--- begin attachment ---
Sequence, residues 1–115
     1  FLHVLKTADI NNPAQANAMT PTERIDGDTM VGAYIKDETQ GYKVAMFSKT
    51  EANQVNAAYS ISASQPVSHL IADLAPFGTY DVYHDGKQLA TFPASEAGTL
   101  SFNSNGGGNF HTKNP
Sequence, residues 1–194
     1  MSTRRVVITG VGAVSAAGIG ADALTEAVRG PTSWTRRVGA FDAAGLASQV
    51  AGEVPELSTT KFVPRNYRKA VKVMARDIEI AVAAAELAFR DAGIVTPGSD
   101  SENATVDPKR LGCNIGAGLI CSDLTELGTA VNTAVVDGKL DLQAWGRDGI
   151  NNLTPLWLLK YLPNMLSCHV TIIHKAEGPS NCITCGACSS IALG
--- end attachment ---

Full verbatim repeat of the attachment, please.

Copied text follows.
Sequence, residues 1–115
     1  FLHVLKTADI NNPAQANAMT PTERIDGDTM VGAYIKDETQ GYKVAMFSKT
    51  EANQVNAAYS ISASQPVSHL IADLAPFGTY DVYHDGKQLA TFPASEAGTL
   101  SFNSNGGGNF HTKNP
Sequence, residues 1–194
     1  MSTRRVVITG VGAVSAAGIG ADALTEAVRG PTSWTRRVGA FDAAGLASQV
    51  AGEVPELSTT KFVPRNYRKA VKVMARDIEI AVAAAELAFR DAGIVTPGSD
   101  SENATVDPKR LGCNIGAGLI CSDLTELGTA VNTAVVDGKL DLQAWGRDGI
   151  NNLTPLWLLK YLPNMLSCHV TIIHKAEGPS NCITCGACSS IALG